ecently, while covering a show at the Las Vegas Convention Center, I noticed an intriguing anomaly. Inside one exhibit, sporting beautiful scale models of the company's products, sat a trio of tablets. I stood in front of them for several minutes, exploring the content and taking photos of the display. After a while, I began looking around and waiting for a staffer to approach me. Much to my dismay, nobody did.
I made my way to the other end of the exhibit, and approached a staffer at the reception desk who happened to be the company's exhibit manager. I complimented her on what I thought was an engaging experience on the iPads, and asked why she had decided to incorporate the devices into her booth. Her response: "We wanted to make the exhibit more interactive."
Throughout the show, I visited other exhibits with touchscreens and tablets, and had similar experiences. During each visit, I perused the content on the devices, waited for a staffer to approach, and ultimately had to hunt for a company rep to answer my question. Almost unanimously, all credited their tablets and touchscreens to a conscious effort to increase interactivity in their exhibits.
And herein lies the problem. Far too many exhibitors are focused on the wrong kind of interaction, using tablets and touchscreens as surrogates for face-to-face contact.
So what should exhibitors be focused on, if not for whiz-bang interactive gadgets? A little thing called Staff Interaction Rate. SIR is the percentage of your booth visitors who interact with a member of your team. In other words, if 50 out of 100 visitors to a company's booth interact with a rep during their visit, that company would score a 50-percent SIR.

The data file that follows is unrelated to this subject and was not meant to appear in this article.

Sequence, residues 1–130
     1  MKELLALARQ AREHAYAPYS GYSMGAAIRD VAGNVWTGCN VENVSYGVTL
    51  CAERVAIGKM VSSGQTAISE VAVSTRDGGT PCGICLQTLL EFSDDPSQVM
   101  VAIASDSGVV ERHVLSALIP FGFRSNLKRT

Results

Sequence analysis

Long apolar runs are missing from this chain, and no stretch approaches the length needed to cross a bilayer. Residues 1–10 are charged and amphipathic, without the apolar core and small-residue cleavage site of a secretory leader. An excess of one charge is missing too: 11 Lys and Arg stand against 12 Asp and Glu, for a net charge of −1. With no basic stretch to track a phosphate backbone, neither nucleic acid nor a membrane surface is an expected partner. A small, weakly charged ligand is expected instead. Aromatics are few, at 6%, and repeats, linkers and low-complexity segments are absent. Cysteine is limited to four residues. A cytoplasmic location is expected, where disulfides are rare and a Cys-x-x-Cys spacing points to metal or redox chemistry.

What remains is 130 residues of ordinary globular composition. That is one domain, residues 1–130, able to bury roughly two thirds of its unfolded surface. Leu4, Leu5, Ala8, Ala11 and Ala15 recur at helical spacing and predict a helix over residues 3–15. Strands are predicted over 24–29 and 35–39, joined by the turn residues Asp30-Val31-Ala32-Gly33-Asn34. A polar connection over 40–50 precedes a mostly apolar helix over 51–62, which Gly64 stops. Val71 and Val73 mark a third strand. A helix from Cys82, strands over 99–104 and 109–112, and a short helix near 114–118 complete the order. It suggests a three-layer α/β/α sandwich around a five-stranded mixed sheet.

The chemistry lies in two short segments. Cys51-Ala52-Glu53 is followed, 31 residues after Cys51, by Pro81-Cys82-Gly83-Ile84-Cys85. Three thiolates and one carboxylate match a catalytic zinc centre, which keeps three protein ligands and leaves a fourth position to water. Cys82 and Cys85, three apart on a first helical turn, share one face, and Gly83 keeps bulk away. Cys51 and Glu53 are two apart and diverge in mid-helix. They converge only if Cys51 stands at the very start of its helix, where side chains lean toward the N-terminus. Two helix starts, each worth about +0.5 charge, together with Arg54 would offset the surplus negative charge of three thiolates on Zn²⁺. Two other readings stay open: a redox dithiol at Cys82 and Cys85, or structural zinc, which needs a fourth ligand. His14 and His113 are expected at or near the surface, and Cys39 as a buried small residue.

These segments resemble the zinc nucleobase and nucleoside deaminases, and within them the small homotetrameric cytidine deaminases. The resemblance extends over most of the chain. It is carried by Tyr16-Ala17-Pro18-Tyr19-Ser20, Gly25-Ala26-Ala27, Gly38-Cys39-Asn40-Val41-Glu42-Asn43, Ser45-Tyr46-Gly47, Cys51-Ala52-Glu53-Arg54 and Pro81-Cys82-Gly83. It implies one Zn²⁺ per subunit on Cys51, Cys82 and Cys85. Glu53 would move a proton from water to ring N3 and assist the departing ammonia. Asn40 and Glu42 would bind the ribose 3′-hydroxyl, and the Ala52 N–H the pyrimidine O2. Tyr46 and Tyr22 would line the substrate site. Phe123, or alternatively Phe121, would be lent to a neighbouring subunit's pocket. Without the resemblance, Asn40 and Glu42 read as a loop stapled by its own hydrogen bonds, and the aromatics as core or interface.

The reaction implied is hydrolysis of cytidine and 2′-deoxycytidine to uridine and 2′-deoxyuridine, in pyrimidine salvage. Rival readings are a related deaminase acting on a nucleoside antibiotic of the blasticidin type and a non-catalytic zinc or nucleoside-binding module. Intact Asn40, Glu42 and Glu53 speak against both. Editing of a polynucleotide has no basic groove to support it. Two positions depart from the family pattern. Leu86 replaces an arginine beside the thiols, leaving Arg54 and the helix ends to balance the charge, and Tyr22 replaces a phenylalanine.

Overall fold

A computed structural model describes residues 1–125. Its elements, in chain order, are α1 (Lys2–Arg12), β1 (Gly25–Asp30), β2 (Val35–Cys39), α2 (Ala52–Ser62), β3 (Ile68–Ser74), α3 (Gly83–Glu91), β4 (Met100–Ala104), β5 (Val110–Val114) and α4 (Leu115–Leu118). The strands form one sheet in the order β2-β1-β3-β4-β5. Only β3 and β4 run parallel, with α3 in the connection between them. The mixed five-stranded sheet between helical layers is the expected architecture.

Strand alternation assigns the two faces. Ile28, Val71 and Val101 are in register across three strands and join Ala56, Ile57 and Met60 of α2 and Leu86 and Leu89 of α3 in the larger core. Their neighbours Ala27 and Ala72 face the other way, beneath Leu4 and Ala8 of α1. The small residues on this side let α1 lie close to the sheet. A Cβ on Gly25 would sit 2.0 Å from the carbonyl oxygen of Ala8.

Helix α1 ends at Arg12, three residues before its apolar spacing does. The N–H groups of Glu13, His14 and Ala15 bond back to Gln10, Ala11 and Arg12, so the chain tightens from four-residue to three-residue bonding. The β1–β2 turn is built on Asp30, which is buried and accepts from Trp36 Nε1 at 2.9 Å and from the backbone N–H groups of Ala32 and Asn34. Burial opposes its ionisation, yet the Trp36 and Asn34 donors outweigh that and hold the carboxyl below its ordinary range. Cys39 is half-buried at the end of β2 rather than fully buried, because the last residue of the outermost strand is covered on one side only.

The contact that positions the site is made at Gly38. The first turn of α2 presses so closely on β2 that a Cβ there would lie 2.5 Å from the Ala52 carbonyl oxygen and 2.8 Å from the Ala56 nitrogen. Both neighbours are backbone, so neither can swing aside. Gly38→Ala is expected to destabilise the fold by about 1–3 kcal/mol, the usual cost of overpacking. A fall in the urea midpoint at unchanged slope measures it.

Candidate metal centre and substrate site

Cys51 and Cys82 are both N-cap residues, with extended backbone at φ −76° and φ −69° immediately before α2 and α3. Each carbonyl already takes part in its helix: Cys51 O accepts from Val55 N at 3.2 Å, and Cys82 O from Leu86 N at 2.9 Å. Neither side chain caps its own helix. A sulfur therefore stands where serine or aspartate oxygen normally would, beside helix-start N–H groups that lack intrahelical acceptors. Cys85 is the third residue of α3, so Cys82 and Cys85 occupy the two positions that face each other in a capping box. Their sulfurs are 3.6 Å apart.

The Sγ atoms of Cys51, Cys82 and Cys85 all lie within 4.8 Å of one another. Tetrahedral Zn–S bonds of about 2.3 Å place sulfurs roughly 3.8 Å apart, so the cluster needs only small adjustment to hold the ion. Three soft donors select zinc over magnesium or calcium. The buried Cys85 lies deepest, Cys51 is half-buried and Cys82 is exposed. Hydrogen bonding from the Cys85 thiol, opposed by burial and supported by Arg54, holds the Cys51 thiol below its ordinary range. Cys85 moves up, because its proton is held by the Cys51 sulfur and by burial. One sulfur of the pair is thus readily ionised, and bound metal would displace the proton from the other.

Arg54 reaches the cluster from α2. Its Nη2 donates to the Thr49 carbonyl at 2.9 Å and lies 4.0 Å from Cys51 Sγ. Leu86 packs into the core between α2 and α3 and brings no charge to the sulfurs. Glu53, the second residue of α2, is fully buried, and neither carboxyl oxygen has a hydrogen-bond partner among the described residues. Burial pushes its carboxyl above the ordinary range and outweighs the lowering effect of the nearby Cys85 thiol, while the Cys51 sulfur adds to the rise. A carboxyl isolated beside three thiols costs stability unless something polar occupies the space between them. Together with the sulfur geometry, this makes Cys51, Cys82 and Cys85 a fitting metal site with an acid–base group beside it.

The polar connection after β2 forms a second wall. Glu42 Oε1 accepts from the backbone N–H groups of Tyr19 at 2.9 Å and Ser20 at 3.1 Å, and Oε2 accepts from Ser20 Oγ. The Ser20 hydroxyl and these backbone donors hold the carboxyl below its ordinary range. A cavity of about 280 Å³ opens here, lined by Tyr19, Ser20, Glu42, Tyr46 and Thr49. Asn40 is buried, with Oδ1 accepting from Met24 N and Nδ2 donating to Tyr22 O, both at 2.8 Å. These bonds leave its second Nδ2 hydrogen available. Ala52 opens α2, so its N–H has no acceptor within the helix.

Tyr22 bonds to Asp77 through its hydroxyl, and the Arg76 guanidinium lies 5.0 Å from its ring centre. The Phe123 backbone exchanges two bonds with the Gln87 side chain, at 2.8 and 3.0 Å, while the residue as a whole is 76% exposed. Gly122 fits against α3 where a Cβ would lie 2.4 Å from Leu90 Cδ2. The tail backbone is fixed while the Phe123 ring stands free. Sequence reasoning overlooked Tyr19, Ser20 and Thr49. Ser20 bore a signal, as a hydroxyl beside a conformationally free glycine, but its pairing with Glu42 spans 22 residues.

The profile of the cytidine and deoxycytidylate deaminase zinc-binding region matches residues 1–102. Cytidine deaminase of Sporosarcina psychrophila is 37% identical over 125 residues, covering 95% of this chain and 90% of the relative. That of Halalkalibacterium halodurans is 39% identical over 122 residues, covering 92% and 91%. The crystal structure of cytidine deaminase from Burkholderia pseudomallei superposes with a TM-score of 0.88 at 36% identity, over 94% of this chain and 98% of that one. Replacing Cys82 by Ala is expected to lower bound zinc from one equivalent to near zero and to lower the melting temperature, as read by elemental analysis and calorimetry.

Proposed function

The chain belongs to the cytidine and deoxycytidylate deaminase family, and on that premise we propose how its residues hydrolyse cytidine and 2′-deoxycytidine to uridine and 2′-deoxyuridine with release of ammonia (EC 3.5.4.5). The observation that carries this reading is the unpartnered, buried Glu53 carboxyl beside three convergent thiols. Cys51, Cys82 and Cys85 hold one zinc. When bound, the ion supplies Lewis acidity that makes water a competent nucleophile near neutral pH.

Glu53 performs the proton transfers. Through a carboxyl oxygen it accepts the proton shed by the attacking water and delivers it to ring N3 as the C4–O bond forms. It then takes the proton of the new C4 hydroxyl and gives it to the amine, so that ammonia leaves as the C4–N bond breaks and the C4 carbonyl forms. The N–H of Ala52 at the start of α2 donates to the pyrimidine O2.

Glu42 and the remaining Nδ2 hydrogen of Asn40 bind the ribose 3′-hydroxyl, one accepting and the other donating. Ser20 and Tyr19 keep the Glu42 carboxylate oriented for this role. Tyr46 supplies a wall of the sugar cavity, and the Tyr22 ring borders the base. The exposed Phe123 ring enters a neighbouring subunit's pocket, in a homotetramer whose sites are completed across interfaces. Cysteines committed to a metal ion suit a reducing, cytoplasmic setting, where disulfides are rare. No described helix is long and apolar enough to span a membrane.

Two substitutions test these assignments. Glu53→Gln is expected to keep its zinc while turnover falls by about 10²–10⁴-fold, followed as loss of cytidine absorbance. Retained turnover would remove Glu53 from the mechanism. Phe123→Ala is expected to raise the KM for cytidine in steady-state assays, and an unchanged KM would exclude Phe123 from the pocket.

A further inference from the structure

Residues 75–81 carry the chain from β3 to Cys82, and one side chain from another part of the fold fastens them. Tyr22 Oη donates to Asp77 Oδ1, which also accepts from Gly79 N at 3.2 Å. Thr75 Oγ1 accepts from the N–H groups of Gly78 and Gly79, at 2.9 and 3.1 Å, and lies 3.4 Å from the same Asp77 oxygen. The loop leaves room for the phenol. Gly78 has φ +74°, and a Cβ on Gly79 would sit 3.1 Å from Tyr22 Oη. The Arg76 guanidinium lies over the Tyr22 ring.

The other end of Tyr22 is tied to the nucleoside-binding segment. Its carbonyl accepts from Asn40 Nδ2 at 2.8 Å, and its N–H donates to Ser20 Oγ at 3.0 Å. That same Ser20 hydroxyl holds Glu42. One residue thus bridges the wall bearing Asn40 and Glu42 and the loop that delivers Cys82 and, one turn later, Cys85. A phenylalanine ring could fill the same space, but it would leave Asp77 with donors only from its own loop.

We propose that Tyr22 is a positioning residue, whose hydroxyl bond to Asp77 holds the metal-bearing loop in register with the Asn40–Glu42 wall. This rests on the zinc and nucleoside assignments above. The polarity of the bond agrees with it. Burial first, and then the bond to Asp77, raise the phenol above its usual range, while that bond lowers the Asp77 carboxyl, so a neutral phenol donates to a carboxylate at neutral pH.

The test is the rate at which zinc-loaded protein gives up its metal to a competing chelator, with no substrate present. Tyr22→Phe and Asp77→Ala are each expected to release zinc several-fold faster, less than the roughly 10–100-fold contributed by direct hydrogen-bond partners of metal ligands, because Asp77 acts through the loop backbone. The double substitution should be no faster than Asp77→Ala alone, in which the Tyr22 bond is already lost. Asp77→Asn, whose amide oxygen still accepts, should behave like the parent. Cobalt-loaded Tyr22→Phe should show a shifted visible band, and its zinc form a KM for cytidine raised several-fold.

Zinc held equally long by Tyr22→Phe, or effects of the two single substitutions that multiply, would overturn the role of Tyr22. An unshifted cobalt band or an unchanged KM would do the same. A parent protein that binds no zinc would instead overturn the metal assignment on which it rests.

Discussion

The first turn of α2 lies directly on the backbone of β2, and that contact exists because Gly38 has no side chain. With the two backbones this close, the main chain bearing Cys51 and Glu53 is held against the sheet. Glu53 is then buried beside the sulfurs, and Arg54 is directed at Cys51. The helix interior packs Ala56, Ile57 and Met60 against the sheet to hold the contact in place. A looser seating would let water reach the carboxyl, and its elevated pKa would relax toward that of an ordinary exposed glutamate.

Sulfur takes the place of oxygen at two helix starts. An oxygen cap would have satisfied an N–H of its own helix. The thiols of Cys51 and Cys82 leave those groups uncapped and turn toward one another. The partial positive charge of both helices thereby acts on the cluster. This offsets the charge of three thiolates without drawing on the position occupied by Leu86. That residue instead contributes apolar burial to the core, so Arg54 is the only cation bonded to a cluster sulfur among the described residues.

SIR is an ubercritical — and often undervalued — metric. For one thing, face-to-face marketing is all about making connections. If your booth scores a low SIR, it indicates that despite being in the same convention center as the attendees you're trying to attract, you're not actually connecting with the ones that take the time to enter your booth. And while there's still some value in terms of branding and awareness to have people walk past or through your space (or consume your interactive content and leave), you've done very little in terms of collecting leads, qualifying prospects, moving them along the sales cycle, or fostering relationships.
If you're looking to enhance the interaction in your exhibit, turn to staff training, not technology. Increasing your exhibit's SIR score is relatively simple. For starters, all you need to do is teach your staffers to — I know this sounds crazy — interact with attendees. Using tablets as a crutch and then waiting for visitors to approach your reception desk isn't sufficient.
According to research firm Exhibit Surveys Inc., a company's SIR almost always has a direct correlation to the number and quality of leads it generates — exhibitors whose staff interacts face to face with a high percentage of visitors typically reap a greater number of qualified leads. And the best part of SIR is that it doesn't cost you a dime more than you've already spent to interact with the attendees who visit your exhibit.
Sure, tablets and other interactive devices have their place on the trade show floor. If nothing else, they attract attention, allow attendees to "serve themselves" while staffers are busy with other visitors, and can impart a depth of information that standard exhibit graphics can't — and shouldn't. However, if your strategy is to rely exclusively on apps and iPads, skip the trade show and redesign your corporate website instead. But if true interaction is your goal, get out from behind the reception desk, and start acting like it.